John Putch has a great theatrical and film lineage behind him - aside from mom Jean Stapleton's well-known endeavors, Putch's father was the founder of The Totem Pole Playhouse in Fayettesville, PA; a theater where John trod the boards at an early age before becoming a recurring character on many television shows, most notably, "One Day at a Time." Putch has assembled "Deep Cover" with all the skills of an Ed Wood-wannabe, but without the inherent humor Wood was capable of arousing. "Deep Water" is cobbled together as if the axiom "something old, something new, something borrowed, something blue" was a watchcry which should be applied to filmmaking. Here a little "Titanic," there a little "Abyss," culminating in a film worthy of the late, lamented Golden Turkey Awards, as well being a candidate for Mystery Science Theater 3000's future viewing.

You see, the Intrepid is the latest in a new line of luxory liners (hmm, so was R.M.S. Titanic, and so was the S.S. Poseidon) siling out of Long Beach. California. Stock footage insures the life-like quality of this gigantic ship. A nuclear test blast (yeah, I'm gonna believe THAT one) causes the doomed liner to capsize - woohoo, just like that TIDAL WAVE did to The Poseidon - creating an upside down world inside The Intrepid. As if these were the worst of the problems with "Deep Water," there is also a plot device of having a gung-ho Marine stumbling into a kidnapping plot (now, having seen "The Poseidon Adventure"counless times, couldn't they have used this particular device to get rid of that obnoxious child actor, Eric Shea?) involving diamonds and an heiress. Crosses and double crosses abound, as if to supplant some sense of suspense into the procedings, while good actors such as Coburn, Costas Mandylor and Finola Hughes hyperventilate and curse like, well, sailors; never once creating believable characters, buyt proclaiming their lines as if they were gospel. The next time that John Putch decides to direct something, it should be titled "Deep Drek," since "Deep Water" is in no way *deep,* however water-logged it may be.

 

Fox's full-frame presentation of "DeepWater" looks damned good; if it weren't for the frequent flier miles accumulated by the floating "F"-word, I would swear that the film had been made for television. Nothing seems to be cramped by the film's limited aspect ratio, though this is the type of film that practically demands to be shot in Panavision. There's no grain to speak of; though I did find the picture a little too soft, possibly because of the cropping of the picture. However, never did I once notice any sharp pans indicative of a heavy-handed pan-and-scan job.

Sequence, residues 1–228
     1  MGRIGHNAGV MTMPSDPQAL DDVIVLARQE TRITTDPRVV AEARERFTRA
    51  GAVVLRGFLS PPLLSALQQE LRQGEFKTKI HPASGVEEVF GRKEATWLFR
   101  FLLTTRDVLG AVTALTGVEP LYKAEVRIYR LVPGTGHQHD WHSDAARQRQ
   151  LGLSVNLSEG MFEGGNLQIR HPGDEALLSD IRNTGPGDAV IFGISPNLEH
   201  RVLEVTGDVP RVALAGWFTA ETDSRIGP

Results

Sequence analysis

This is a fairly potent Dolby Digital mix thown in, like everything else about "Deep Water," the film rarely garners enough potential to warrant a 5.1 mix. Sure there are little rumblings as the nuclear-induced tidal wave erupts, and they are just as well served by the 2.0 stereo surround mix, which is not that much different than the upgraded mix. You can access Spanish or English subtitles, as well as the standard excellently produced Closed Captioning, but alas, "Deep Water" provides no foriegn language track. Pity, maybe "Deep Water" would play better in Portuguese.

 

A non-exciting trailer, and some sketchy biographical texts are all the extras afforded. I dunno whether to be praising or pouting over the lack of a director's commentary, but in this case, I think I'll just be thankful that I don't know what John Putch (or any one of the talents involved) was thinking when they gave a gung-ho, "Aye, aye" to making "Deep Water."

 

This "Deep Water" is definitely water to pass.